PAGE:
was .22 (p < .01) higher than others. Yet, as the number of under hours increased, the positive effect was offset by the negative effect (-0.02; p < .01) associated with each desired hour of work that was not received. The result is that, on average, those working 11 or more hours less than desired per week had a net negative effect on life satisfaction.

14

Exhibit 6

relationship between hours misfit and dependent variables


3.9

predicted Life Satisfaction

3.3 3.2 3.1 3.0 2.9 2.8

predicted Job Stress

3.8 3.7 3.6 3.5 3.4 3.3 3.2 - 30 a -20 -10 h 0


o u r s

10 - D 20 30 40 h 50

- 30 a

-20

-10 h

0
o u r s

10 - D

20

30

40 h

50

c t u a l

E s i r E D

o u r s

c t u a l

E s i r E D

o u r s

under hours

Desired hours

over hours

{
under hours 3.1 3.0 2.9 2.8 2.7 2.6

predicted Work-Life conflict

3.2 3.1 3.0 2.9 2.8 2.7 2.6 - 30 a -20 -10 h

predicted intent to turn over

3.3

0
o u r s

10 - D

20

30

40 h

50

- 30 a

-20

-10 h

c t u a l

E s i r E D

o u r s

c t u a l

o u r s

{
Desired hours over hours

{
under hours

under hours

eralize across industries since this is a matter of individual preferences that are not specifically related to a particular industry. Even with these limitations, the consistent findings that the effects of hours misfit extend beyond those of the straightforward number of work hours does give us confidence regarding our conclusion on the importance of considering the effects of hours misfit on employees attitudes about their jobs. In conclusion, our study shows that hours misfit is a better predictor of work-related and life-related attitudes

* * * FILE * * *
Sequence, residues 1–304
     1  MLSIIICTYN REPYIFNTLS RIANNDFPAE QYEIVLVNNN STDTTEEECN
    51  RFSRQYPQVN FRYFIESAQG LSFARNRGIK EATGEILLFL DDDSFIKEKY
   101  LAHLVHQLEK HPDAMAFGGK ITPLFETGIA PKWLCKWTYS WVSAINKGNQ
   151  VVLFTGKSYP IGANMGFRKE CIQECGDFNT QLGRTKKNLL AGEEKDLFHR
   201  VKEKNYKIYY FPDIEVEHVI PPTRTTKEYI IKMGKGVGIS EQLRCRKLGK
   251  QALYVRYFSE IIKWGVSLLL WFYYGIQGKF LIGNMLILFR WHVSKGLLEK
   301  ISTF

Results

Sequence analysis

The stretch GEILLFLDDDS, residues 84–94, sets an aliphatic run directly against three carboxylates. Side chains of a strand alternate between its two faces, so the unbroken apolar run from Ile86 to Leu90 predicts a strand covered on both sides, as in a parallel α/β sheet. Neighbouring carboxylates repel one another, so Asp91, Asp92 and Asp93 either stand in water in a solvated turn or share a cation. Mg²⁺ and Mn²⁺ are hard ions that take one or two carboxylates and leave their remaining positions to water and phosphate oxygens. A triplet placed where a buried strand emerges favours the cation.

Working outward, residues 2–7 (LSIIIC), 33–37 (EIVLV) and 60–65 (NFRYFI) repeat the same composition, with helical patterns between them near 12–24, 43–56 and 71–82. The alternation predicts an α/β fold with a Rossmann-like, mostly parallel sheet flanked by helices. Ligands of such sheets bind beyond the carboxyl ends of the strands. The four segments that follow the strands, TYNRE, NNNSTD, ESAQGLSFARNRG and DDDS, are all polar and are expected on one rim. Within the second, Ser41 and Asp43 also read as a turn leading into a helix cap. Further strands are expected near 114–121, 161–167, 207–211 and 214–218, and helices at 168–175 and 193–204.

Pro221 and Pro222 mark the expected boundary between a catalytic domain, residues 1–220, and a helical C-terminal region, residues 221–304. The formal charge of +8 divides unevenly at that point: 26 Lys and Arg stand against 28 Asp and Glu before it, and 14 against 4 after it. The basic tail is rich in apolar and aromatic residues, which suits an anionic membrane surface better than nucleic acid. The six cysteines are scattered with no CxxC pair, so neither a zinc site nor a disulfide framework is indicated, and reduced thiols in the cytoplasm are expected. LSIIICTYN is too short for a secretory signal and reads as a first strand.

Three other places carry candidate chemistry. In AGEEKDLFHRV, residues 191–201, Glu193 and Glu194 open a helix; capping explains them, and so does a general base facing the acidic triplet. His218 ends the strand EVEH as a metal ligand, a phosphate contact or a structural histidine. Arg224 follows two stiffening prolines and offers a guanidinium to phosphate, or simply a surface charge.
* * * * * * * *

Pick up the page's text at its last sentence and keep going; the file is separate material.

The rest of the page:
than is a particular number of hours worked. Our study shows that working fewer than the desired number of hours diminishes employees satisfaction and increases their stress. Since the economic conditions at this writing suggest an industry pullback, we anticipate that hotel managers are or soon will be in the uncomfortable position of reducing employees hours. Our study suggests that this should be done while either trying to accommodate employee preferences, or at least proceeding with the knowledge of the type of effects on employee attitudes that they should expect. n

{
Desired hours over hours

{
Desired hours over hours

0 10 - D 20 30 40 h 50
E s i r E D o u r s